Bacalao puts considerable focus on having relationships with local producers, said owner Andrea Maunder,
but that priority is time consuming because it means dealing with as many as 30 different suppliers instead of
one or two wholesalers.
But from high-end to casual, chefs and restaurant owners all said that support for local food production is key to
keeping the momentum going. Tuan Ly, owner of Saigon Bistro, grows herbs and sprouts he couldn’t source locally
indoors during the winter.
Jeremy Charles of Raymonds is well known for his support of hunting, fishing, and foraging. “Ninety-five percent of our
ingredients on our menu are all from Newfoundland,” he said, but he added that it took time to build the relationships
required to source those ingredients, and it’s particularly challenging during the colder months of the year.
Vardy of Adelaide is in contact with a local outfit working to provide the first Newfoundland oysters, but that is still a
couple of years away–in the meantime he drives to the airport several times a week to pick up hundreds of oysters.
He gets as much local fare as he can: Newfoundland cod, produce from Lesters, lamb from Ferryland, local beef
and pork when available. But the reality is that he wants to buy more local food than he is able to source.
That problem is widespread, said Maunder of Bacalao. At the same time, it is improving. Bacalao has been open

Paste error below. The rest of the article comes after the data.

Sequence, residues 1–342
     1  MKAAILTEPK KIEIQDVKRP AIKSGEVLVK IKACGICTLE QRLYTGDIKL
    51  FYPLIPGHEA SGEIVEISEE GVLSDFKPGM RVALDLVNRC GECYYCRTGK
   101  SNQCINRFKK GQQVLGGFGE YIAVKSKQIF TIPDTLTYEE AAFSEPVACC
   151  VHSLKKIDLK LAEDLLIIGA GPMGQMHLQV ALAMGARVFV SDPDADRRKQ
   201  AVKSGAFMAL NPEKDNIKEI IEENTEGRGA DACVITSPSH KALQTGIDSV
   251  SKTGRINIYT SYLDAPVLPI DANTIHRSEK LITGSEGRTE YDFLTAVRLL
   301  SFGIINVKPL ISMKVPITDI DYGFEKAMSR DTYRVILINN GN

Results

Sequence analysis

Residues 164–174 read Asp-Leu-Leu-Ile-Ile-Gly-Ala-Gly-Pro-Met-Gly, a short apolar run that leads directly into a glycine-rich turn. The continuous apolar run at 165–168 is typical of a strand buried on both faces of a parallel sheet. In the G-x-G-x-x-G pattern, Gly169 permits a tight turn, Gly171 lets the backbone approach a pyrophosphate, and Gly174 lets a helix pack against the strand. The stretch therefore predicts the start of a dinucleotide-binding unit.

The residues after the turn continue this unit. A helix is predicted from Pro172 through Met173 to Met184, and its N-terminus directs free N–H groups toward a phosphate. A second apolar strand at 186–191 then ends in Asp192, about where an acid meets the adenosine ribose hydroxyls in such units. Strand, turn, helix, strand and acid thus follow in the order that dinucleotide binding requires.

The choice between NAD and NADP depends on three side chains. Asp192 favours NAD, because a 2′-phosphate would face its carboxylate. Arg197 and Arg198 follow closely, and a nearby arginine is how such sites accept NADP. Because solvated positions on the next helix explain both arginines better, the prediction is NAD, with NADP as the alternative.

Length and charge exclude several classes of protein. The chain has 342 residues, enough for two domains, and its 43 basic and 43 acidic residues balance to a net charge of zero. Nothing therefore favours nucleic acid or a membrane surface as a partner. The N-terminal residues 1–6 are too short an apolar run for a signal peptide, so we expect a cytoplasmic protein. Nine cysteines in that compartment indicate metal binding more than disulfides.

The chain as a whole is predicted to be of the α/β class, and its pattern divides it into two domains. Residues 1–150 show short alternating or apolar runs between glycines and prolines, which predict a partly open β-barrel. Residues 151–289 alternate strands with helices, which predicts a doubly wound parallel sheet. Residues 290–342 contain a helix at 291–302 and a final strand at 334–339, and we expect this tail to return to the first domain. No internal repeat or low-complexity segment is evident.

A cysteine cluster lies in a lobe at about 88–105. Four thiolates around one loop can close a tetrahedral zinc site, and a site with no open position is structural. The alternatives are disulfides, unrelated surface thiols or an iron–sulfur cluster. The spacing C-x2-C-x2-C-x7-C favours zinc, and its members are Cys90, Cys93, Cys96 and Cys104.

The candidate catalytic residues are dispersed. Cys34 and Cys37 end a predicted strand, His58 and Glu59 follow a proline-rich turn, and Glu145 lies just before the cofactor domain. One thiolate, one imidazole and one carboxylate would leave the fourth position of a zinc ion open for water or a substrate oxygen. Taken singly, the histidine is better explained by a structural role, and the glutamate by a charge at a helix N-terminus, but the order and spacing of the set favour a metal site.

about eight years, and their local focus has become easier to provide over that time thanks to increased food
production on the island, she said. “Initially, there weren’t that many farmers we could go with to get what we needed.”
One of the keys to success for a local restaurant is to go niche. For example, The Sprout says what helps them stand
out isn’t just the restaurant’s menu, which is vegetarian with many vegan and gluten-free options, but also its
casual-but-healthy atmosphere. Saigon opened because there still wasn’t a Vietnamese option among the city’s
increasingly diverse slate of eateries, Ly said. And Charles of Raymonds is getting ready to open a more casual
offering called The Merchant Tavern on Water Street in the spring.
“There’s just so much room here to fill,” Vardy said. For his part, he’d love to see a noodle house in the city, more
options for late-night food, and microbreweries.
Hewlett hopes that as the city’s culinary scene continues to grow, self-reliance in food production and food security
do the same. “It’s the best possible way to improve every facet of the industry, from costing to quality,” he said.
“Work with what our land and seascapes provide us, devote ourselves to local sourcing, grow much, much more
food here at home, and diminish our reliance on imports to the very best of our abilities.”
Even with the challenges, the growth continues. “We decided to open a Vietnamese restaurant in St. John’s because
our food culture here has evolved quite nicely over the last few years,” said Ly of Saigon.
And we’re still riding the wave of a resurgence of provincial pride brought on by better economic fortunes and a
rediscovery of what Newfoundland and Labrador has to offer–and that includes our food. “A lot of my chef friends
around the country are pretty amazed,” Charles said of the foraged, wild, and locally grown food he serves at
Raymonds. “To be able to serve moose in a restaurant is pretty much unheard of in the rest of the country.”